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Out-of-Town Buyers Have Unique Needs

The first and perhaps biggest question: What made you decide to move here? Slow and methodical work in the beginning will make their visit more productive.

MIAMI – As agents cater to more clients from out-of-town, it’s essential to gain an understanding of your buyers’ motivations. Agents should conduct a virtual intake meeting in a tranquil environment and take detailed notes.

After they get to know the buyers and their motivations, agents should create a cover page and itinerary for showings, and for each listing, they should include the reason for a visit.

For instance, if a buyer needs to be near public transportation, the distance to the closest public transit option should be noted. Agents also should provide clients with objective information on such things as transportation, schools, local attractions and amenities through a neighborhood guide they create and print out, with access to the source of some of that information if it falls under the Fair Housing Act.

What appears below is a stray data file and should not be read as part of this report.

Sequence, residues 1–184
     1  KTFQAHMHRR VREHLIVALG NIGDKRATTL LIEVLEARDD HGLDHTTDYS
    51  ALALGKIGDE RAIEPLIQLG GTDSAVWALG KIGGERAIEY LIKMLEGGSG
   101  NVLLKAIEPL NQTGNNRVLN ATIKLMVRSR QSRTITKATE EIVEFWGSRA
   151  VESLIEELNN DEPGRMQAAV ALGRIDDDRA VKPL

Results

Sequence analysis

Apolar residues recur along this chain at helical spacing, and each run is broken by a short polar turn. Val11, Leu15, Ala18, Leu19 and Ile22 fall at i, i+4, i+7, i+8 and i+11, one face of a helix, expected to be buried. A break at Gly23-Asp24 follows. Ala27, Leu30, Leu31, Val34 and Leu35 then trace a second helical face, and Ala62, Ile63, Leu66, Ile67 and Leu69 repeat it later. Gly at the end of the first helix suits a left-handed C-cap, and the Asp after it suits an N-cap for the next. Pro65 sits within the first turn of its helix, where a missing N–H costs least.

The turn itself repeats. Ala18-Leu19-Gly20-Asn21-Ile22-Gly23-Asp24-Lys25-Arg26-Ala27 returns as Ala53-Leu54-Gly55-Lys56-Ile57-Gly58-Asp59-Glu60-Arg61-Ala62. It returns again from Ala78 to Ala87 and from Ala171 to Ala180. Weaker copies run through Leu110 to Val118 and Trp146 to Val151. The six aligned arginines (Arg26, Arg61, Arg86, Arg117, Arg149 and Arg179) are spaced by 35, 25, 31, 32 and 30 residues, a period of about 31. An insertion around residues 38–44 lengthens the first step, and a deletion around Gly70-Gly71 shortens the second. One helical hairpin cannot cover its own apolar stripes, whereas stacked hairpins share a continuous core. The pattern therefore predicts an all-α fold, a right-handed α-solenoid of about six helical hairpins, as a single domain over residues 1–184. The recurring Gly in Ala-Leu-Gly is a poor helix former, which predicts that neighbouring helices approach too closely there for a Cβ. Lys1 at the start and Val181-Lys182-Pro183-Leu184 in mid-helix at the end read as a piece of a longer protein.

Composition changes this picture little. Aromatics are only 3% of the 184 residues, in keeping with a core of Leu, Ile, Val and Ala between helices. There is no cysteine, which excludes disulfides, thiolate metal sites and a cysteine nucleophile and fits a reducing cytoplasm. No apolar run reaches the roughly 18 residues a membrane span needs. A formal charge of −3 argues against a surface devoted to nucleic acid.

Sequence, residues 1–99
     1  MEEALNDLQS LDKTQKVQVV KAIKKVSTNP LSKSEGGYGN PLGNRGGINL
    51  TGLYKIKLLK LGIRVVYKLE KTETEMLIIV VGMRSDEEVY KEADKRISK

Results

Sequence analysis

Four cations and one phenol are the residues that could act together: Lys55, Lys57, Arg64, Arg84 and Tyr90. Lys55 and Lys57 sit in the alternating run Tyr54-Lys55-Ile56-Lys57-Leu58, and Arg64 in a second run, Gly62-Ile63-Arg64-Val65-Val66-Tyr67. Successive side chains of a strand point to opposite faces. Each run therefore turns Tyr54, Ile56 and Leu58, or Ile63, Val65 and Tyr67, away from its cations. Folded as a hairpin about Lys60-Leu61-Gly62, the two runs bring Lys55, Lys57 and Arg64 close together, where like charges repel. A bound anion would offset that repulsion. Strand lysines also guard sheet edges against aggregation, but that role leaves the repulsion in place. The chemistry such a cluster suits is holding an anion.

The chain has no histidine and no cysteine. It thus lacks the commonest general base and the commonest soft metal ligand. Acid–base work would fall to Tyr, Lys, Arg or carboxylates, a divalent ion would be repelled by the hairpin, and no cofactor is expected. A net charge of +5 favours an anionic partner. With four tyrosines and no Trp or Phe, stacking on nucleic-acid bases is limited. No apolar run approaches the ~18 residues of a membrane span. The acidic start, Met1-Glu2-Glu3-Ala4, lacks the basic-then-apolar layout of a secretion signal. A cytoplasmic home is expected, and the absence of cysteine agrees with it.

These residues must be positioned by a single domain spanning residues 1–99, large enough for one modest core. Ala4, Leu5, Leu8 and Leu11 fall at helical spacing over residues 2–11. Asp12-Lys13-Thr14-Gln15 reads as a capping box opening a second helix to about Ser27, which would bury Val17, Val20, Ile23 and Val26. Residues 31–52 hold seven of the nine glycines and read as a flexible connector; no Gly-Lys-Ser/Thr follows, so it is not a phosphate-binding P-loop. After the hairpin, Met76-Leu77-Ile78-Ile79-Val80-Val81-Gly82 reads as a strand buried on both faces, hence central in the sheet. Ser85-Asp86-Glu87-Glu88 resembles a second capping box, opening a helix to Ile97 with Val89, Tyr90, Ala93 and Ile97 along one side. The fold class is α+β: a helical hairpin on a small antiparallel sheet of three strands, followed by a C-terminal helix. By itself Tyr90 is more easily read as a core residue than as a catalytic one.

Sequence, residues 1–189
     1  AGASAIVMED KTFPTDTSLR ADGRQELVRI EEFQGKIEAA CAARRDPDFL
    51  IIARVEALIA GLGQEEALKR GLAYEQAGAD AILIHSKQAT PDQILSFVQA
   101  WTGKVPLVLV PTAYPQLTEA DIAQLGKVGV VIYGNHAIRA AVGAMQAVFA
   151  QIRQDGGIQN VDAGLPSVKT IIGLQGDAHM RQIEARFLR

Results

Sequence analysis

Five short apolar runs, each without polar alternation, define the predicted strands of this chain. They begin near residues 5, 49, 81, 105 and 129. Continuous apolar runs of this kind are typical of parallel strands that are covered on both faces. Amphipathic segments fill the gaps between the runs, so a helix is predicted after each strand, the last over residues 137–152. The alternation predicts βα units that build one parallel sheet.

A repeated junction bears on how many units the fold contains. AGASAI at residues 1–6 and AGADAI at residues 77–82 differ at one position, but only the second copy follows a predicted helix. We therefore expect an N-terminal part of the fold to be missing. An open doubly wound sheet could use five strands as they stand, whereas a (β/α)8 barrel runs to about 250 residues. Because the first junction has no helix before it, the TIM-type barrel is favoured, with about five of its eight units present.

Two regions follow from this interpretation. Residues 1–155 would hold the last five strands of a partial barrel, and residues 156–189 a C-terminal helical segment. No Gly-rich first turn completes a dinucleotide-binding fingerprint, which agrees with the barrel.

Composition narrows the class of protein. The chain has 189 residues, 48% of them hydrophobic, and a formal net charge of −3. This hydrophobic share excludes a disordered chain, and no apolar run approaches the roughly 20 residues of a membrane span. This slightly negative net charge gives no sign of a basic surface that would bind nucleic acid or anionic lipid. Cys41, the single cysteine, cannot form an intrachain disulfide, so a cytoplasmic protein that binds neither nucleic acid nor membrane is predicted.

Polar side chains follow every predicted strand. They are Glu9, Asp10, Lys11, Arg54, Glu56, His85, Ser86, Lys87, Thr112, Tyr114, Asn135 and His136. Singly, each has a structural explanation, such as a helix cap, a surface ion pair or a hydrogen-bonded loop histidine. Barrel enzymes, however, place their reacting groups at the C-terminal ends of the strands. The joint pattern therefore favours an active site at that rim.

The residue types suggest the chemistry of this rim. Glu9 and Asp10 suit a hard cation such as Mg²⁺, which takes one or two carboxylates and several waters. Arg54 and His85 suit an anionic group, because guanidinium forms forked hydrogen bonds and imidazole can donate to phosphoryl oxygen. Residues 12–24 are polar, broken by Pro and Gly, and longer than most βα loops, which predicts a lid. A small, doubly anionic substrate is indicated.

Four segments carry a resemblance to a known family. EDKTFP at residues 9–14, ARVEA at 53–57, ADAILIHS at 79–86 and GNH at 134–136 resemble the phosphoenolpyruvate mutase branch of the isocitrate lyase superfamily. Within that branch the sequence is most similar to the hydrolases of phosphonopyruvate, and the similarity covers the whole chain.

A good pace for viewing homes is eight per day, with lunch in the middle, for the first two days of a three-day visit. On the third day, take a second look at homes and make final decisions. The final day also should include a lunch reservation in a convenient location along with a short coffee break.

If parking is an issue, agents should consider hiring a car and driver for the client’s visit. Beyond making parking easier, it also gives agents time to chat with the clients between showings rather than navigate traffic.

When making the initial round of listing, agents should have clients rate each property immediately after viewing it. The rating can have a scale of 1 being undesirable to 5 being an ideal home. Doing so helps weed out any homes under a 4 and can help frame discussions about offers.

Source: Inman (05/27/22) Busby, Julie

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